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Colleges Object to “Name, Image and Likeness” Public Information Requests from News Media

As the University of Georgia prepares to compete in the NCAA College Football Playoff championship, it’s also fighting another battle, on another playing field: defending itself against public record lawsuits following its refusal to disclose its athletes’ “name, image and likeness” contracts.


As the University of Georgia prepares to compete in the NCAA College Football Playoff championship, it’s also fighting another battle, on another playing field: defending itself against public record lawsuits following its refusal to disclose its athletes’ “name, image and likeness” contracts. A similar lawsuit has also been brought against Louisiana State University.

By way of background, in 2021, the NCAA announced an interim policy that allows student-athletes from all three divisions to monetize their name, image and likeness (often referred to as “NIL”). The new policy went into effect on July 1, 2021.

The NCAA’s new policy was enacted on the cusp of laws taking effect in a number of states, such as Alabama, Florida, Georgia, Mississippi, New Mexico and Texas, which allow NCAA athletes to monetize their NIL.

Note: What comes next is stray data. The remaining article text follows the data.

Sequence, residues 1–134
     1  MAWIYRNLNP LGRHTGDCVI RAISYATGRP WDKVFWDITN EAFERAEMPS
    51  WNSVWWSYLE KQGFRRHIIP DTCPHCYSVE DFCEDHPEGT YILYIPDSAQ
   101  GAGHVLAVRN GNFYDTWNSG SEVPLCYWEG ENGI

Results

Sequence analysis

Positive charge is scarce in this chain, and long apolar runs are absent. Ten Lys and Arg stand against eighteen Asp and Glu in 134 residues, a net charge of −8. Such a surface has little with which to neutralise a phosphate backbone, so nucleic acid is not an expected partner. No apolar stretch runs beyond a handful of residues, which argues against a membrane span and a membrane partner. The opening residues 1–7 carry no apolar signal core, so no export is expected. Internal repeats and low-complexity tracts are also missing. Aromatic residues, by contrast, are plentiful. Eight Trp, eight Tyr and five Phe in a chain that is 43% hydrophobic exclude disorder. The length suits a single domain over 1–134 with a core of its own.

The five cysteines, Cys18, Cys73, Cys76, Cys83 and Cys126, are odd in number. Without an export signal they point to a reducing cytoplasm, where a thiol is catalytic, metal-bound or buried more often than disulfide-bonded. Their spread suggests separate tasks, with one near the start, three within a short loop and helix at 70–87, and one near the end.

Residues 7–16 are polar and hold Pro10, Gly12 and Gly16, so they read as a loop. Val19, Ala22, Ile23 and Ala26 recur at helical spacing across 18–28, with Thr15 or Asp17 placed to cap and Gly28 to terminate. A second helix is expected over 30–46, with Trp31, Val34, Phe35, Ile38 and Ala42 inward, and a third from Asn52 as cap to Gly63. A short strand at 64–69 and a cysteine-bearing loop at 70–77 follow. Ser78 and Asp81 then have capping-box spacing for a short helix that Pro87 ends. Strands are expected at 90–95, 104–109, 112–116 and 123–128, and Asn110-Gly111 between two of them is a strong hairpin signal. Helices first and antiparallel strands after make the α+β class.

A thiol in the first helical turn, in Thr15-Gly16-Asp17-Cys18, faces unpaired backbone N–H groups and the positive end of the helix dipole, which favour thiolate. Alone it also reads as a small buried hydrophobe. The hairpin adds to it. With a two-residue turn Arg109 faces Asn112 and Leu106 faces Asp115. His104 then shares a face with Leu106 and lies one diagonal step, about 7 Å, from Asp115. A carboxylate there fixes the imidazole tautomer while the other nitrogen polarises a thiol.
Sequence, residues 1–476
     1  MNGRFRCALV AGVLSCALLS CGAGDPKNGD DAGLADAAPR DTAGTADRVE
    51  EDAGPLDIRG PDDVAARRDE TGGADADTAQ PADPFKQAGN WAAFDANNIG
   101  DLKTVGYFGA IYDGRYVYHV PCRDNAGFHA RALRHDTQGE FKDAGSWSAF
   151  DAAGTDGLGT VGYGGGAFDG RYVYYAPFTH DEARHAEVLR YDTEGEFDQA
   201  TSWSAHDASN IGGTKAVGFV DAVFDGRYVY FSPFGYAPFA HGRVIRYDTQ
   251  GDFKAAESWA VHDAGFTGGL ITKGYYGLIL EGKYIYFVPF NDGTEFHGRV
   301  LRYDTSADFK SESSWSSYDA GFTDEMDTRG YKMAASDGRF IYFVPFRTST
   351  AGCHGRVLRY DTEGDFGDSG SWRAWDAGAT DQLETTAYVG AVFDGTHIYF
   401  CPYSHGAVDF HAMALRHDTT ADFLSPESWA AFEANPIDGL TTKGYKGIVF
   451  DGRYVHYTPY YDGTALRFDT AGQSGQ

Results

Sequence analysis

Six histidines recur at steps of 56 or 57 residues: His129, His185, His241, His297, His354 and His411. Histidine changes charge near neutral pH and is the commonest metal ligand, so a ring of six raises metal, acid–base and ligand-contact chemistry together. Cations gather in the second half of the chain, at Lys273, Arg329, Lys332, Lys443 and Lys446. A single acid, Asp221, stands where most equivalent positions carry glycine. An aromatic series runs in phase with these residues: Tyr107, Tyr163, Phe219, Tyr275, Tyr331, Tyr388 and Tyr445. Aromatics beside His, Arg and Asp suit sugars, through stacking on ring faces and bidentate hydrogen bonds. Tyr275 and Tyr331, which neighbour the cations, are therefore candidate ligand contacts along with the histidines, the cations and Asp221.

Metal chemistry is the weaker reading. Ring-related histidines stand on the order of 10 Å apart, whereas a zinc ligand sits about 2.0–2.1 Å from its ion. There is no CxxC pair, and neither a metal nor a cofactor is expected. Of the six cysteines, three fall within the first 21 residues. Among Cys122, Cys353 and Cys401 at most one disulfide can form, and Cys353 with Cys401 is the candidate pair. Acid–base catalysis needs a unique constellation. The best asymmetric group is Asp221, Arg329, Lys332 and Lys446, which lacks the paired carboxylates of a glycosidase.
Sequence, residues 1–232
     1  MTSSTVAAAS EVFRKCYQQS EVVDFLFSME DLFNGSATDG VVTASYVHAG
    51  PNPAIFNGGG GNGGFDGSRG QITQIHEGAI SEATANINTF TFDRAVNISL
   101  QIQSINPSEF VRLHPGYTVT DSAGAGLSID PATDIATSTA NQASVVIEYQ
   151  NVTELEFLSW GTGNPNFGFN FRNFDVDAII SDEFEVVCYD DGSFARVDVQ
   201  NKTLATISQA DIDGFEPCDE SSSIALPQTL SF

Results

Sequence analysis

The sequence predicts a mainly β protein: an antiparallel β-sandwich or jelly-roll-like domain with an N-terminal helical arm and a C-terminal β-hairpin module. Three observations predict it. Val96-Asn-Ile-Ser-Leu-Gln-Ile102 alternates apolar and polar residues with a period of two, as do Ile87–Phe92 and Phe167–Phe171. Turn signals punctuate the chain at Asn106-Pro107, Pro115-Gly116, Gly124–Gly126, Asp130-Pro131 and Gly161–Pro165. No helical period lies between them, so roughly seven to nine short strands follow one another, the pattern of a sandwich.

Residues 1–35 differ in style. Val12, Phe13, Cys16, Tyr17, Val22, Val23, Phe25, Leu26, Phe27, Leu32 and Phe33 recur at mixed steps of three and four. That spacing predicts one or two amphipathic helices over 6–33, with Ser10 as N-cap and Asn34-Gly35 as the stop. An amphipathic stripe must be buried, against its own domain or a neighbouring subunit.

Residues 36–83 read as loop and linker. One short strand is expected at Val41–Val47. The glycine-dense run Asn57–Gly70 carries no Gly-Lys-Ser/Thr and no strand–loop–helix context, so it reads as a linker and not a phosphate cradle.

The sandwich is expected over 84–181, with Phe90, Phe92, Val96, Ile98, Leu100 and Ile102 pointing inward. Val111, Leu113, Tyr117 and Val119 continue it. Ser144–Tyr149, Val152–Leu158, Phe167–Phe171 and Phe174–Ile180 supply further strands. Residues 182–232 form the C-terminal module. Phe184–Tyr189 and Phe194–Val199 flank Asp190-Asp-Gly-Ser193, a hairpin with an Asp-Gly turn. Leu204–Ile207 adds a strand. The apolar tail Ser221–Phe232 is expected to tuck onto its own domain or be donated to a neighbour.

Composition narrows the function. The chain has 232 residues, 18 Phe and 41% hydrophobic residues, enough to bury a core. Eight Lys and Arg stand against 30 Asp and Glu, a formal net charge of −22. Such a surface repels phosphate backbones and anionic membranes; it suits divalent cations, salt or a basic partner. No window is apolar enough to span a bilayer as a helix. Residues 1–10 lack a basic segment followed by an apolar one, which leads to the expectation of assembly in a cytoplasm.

The lawsuits against the University of Georgia and Louisiana State University were filed by two news organizations who sought details of NIL contracts, arguing that such records are not exempt from a public records request. In refusing the requests, the universities cited the Family Educational Rights and Privacy Act (“FERPA”), a federal law which protects certain records from public release without student or parent consent.

The court in the Louisiana State University case ultimately ruled against the news organization. At the time this post was written, the case against the University of Georgia was still pending.

As NIL deals become more common, and the dollar amounts of those deals grow larger, there will be increasing media scrutiny of them. As schools push back against public records requests, more lawsuits will be filed, and FERPA will likely continue to be cited as grounds for withholding records. Until a federal court of appeals has a chance to weigh in, there may be a patchwork of decisions with varying outcomes as to the question of whether the public has a right to the details of NIL deals at public universities.

We will continue to keep you apprised of developments in this evolving area of higher education law and regulations.

If you have any questions, please contact Ryan Kauffman.


Fraser Trebilcock Attorney Ryan Kauffman

Ryan K. Kauffman is a Shareholder at Fraser Trebilcock with more than a decade of experience handling complex litigation matters and representing higher education institutions. You can contact him at rkauffman@fraserlawfirm.com or 517.377.0881.